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From Smithsburg, Maryland, USA:

I know of several people who were made to wait years, some who were made to wait because of poor control, and some who have gotten pumps within a month or two of diagnosis. I do know there are other factors in "candidate selection" (maturity, parent involvement, desire for the pump, etc.), but I was severely reprimanded at work for talking about a pump with a newly diagnosed child, and I am looking for some back up on my position which is that a pump is appropriate if the parents are willing, the child is motivated, and the doctor has experience in managing pumps. What is an appropriate length of time between the diagnosis of diabetes and the initiation of pump therapy?


There is no good answer to this question -- just as there is no good answer to the question of who will succeed or fail on insulin pump therapy. In general, to use a pump optimally, children and their families need to be able to carb count and use carbohydrate/insulin ratios and corrective doses. They also need to understand how insulin works and how to trouble-shoot illnesses and pump issues (such as site problems and pump failures).

The health care team also needs to be assured that the family will stay with their group long enough to get all the teaching done, and the pump properly adjusted. Also, many patients have a very nice honeymoon period after diagnosis during which they may need very little insulin and have very stable blood sugars without a great deal of effort - making pump therapy less attractive.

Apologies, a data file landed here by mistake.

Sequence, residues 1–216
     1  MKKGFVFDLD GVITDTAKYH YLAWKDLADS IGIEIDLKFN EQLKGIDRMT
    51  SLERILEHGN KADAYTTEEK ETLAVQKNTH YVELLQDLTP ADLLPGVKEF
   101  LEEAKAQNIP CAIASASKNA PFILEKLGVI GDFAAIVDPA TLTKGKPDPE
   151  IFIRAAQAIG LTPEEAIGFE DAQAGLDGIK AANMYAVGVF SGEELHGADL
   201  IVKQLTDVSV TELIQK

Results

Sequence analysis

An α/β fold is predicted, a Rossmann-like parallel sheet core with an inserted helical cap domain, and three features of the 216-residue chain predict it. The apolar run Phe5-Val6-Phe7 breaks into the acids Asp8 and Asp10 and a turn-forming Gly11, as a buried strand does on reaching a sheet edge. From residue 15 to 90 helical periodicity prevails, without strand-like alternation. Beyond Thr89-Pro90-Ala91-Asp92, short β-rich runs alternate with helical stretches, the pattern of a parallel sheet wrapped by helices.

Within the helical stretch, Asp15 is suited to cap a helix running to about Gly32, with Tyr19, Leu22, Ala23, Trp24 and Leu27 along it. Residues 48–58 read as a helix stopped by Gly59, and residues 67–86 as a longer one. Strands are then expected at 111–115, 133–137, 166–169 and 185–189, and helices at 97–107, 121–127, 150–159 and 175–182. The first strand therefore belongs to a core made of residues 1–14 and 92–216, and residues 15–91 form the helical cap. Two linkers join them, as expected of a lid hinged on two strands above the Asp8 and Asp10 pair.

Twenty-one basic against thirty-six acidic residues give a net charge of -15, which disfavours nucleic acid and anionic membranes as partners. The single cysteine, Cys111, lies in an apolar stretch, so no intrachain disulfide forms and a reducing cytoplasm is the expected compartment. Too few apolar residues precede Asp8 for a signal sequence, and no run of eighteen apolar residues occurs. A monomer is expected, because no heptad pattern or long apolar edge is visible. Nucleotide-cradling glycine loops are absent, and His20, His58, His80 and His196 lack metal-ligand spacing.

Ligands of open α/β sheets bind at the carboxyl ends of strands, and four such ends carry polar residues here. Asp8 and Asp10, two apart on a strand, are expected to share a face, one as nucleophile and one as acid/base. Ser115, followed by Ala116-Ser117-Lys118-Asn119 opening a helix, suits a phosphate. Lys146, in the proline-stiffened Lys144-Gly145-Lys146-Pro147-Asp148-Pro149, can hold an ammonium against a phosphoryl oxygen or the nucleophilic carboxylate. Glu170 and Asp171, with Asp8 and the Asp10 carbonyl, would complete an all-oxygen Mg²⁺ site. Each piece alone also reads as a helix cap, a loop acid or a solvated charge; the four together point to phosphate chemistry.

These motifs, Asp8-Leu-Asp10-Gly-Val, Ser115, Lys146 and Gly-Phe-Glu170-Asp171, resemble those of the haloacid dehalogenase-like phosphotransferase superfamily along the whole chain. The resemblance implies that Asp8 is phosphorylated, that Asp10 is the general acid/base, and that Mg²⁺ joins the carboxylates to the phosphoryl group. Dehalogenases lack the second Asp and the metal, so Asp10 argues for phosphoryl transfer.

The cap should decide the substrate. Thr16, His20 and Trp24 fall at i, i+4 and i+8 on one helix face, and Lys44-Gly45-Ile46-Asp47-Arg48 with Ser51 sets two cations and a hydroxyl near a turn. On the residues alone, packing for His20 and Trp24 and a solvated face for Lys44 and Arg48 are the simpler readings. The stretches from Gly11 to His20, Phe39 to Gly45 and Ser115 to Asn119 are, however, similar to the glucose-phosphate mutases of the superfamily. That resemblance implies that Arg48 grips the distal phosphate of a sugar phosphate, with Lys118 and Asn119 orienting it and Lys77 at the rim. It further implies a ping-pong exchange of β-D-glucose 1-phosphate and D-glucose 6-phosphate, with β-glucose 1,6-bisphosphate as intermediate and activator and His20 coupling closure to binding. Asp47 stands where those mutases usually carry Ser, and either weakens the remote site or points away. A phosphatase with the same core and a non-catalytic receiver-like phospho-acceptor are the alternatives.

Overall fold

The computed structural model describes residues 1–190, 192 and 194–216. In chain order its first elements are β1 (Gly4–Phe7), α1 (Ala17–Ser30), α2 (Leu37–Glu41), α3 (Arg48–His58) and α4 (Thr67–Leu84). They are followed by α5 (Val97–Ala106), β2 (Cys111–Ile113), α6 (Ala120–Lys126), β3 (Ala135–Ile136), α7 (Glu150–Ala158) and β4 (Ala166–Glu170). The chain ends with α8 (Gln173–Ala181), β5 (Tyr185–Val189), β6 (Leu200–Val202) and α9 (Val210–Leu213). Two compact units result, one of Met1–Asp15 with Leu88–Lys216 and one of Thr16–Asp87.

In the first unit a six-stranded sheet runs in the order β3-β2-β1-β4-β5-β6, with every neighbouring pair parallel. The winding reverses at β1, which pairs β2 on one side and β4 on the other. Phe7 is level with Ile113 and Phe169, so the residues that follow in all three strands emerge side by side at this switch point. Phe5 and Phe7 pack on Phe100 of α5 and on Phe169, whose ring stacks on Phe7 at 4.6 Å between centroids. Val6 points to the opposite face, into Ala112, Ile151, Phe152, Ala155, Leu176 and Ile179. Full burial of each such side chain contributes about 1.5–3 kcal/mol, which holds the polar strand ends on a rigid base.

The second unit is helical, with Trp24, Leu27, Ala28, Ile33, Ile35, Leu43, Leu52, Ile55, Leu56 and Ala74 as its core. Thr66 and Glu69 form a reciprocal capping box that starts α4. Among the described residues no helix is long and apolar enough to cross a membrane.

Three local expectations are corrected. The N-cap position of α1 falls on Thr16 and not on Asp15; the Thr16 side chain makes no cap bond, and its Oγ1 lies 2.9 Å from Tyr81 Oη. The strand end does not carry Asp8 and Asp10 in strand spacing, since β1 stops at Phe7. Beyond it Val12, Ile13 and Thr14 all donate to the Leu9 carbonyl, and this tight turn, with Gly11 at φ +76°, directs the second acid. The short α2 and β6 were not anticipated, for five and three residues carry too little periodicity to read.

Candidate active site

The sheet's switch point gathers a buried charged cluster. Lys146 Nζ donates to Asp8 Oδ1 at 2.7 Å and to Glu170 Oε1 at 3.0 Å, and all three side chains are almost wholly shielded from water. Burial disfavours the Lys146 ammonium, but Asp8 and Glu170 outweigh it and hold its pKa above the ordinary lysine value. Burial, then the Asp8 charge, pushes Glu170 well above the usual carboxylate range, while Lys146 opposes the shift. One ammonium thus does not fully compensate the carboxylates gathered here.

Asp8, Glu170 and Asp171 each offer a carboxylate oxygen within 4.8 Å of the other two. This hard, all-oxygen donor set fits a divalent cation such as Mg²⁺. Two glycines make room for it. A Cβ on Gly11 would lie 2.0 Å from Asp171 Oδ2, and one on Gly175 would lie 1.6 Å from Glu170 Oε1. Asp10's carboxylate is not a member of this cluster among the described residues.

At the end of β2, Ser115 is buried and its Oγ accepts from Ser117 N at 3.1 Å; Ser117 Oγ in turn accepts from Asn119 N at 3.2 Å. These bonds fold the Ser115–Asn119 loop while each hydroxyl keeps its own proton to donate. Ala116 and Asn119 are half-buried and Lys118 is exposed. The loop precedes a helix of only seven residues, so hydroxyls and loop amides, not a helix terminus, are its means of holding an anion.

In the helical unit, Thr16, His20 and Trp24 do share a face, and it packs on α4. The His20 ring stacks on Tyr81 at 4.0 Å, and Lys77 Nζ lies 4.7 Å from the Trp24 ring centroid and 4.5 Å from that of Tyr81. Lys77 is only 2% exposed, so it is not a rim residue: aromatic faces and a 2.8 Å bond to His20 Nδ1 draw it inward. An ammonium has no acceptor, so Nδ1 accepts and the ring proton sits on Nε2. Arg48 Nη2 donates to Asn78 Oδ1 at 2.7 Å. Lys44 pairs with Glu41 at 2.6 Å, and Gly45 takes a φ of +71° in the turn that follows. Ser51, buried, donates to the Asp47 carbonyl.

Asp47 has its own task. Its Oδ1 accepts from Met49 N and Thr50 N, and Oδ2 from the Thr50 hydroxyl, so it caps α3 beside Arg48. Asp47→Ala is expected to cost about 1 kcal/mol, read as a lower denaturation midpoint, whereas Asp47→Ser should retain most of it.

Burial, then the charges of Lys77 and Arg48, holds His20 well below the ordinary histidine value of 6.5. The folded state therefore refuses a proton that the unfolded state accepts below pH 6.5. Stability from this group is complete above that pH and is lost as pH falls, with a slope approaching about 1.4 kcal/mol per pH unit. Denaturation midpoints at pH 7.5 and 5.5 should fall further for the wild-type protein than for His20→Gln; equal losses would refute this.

For these reasons, in our clinics, families are not eligible for pump therapy until they have been diagnosed with diabetes at least a year. I know that there are people who would start pumps sooner (an Italian group has published studies looking at pump starts at diagnosis) and some who would wait even longer (perhaps only offering pumps to adolescents).


[Editor's comment: Sad to say but there are numerous possible reasons for the discrepancies in how fast pumps get started -- some are truly medical issues (such as those described by Dr. DiMeglio); often there are financial issues (who's paying -- an insurance company? a National Health Service? the patient and family?), and just plain ignorance (such as physicians who don't understand pumps but pontificate about their opinions -- for example, any doctor who categorically states that pumps should not be used in children). WWQ]

Original posting 15 Mar 2003
Posted to Insulin Pumps


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Last Updated: Tuesday April 06, 2010 15:09:42
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